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Letter from Henry Knox, March 10, 1782

TRANSCRIPT GLC 2437.08.088

Henry Knox.  Autograph letter draft signed: Philadelphia, to George Washington, 1782 March 10.  2 p. + doc.

 

Philadelphia 10 March 1782

 

[inserted – different hand:  H.K. to Washington]

 

Sir

 

By a letter from Colonel D’Aboville commanding the french Artillery in Virginia it appears there have been lately discover’d in that State 14 heavy battering brass Cannon, which are indisputably the property of the state.  These Cannon have no carriages, and I presume little or no proper ammunition & [strike-out] [inserted: <?> no] implements [struck: &c].  In their present or indeed in a perfect state [struck: they] it would be difficult to conceive of what use they would be to the state of Virginia as their equipments would require great exertion, and to move them with their appendages a vast apparatus.  But although these Cannon are in a manner useless to an individual state they would be highly serviceable to the United States which are in [inserted: great] want of a battering [struck: apparatus] [inserted: train] especcialy with the prospects in view [inserted: for [struck: this] operations of next summer] I would therefore request your Excellency to [inserted: take] such steps as you may [struck: think proper] [inserted: struck: think most]  [inserted: think will most probably] [struck: to] obtain them – In my opinion we could spare some small Arms or [struck: small cannon] [inserted: field pieces] in exchange for them which would be much more convenient for the State of [2] Virginia [struck: than those these unwieldly cannon spoken of] But as a negociation of the particulars of the exchange would take up much time, which would render the Cannon of no service in the ensuing campaign as they want to be new mounted, [struck: I would beg leave to] I take the liberty to suggest the propriety of borrowing them of the State, or purchasing them and the price & [inserted: <?>] payments to be [inserted: hereafter] settled by the secretary at War or Congress [struck: And to have] [inserted: But] them transported immediately to the head of Elk in order to be forwarded to this City or Burlington [struck: to be <?>] to have carriages prepared for them – The season is so far advanced that a moments time cannot be afforded to be lost if we [struck: are to have] [inserted: can get] them in possession –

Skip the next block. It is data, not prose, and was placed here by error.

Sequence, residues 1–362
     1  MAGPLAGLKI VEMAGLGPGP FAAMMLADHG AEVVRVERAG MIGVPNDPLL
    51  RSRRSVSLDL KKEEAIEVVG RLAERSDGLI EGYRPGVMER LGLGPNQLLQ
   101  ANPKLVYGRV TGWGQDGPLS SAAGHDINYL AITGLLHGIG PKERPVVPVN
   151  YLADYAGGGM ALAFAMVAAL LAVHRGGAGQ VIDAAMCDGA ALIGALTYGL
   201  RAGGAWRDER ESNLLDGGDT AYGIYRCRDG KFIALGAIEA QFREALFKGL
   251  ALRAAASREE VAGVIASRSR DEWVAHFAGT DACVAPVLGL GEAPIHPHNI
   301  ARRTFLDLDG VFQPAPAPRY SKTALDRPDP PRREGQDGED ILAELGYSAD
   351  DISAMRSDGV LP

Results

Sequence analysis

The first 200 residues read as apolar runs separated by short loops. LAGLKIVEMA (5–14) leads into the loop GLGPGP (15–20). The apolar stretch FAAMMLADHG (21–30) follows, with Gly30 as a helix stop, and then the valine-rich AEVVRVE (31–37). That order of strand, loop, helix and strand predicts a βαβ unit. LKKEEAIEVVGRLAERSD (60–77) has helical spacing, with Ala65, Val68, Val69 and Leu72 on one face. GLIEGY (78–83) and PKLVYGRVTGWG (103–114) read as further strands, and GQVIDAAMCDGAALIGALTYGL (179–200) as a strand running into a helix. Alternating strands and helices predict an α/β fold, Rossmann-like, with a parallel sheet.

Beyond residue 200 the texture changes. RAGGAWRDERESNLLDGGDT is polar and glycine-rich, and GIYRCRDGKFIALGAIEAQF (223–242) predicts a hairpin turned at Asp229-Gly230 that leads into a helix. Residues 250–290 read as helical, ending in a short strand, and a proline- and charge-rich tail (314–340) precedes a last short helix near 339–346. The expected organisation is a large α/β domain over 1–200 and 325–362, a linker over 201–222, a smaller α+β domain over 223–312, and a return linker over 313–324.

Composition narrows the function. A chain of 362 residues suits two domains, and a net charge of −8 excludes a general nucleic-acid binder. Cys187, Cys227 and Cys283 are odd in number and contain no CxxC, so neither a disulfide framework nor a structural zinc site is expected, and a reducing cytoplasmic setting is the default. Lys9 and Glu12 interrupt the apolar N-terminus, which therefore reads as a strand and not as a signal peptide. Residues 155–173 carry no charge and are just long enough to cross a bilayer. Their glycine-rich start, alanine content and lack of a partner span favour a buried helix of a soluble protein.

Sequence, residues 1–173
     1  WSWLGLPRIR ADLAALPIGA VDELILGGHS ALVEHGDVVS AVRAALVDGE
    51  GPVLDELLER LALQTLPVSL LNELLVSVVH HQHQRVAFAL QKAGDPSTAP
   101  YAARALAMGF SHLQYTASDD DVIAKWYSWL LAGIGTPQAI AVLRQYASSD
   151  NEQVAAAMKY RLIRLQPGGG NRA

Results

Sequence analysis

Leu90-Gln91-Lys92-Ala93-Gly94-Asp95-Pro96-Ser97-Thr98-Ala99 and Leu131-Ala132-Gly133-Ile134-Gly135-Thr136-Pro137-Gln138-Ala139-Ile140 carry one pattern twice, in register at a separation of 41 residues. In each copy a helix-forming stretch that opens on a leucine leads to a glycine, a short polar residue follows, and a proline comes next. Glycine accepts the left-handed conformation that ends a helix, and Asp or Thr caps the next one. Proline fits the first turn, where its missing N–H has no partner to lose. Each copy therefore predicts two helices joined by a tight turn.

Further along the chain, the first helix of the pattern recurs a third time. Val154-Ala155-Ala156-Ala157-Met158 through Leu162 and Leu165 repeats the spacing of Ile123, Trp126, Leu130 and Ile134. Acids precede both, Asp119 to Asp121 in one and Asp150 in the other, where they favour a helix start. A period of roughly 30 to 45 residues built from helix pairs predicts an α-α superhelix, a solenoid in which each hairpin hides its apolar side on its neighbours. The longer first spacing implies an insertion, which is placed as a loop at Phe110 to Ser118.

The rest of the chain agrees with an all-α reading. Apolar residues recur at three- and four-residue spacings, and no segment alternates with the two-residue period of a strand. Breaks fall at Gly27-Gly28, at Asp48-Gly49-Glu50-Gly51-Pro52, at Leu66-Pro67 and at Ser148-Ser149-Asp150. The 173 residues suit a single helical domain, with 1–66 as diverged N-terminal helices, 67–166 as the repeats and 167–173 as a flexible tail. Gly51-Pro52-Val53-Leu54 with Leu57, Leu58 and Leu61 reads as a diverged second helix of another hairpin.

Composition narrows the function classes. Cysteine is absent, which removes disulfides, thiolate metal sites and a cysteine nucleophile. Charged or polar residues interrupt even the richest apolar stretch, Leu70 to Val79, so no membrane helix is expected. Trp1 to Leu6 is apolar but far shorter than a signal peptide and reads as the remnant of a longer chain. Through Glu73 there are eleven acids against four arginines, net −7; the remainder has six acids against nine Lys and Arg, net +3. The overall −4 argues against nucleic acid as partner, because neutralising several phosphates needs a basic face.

I have the honor to be Sir
with great respect
Your Humble Servant
H Knox

 

His Excellency General Washington

 

[docket]
To his Excellency Genl.
Washington, 10 [struck: June 1781]
March 1782 –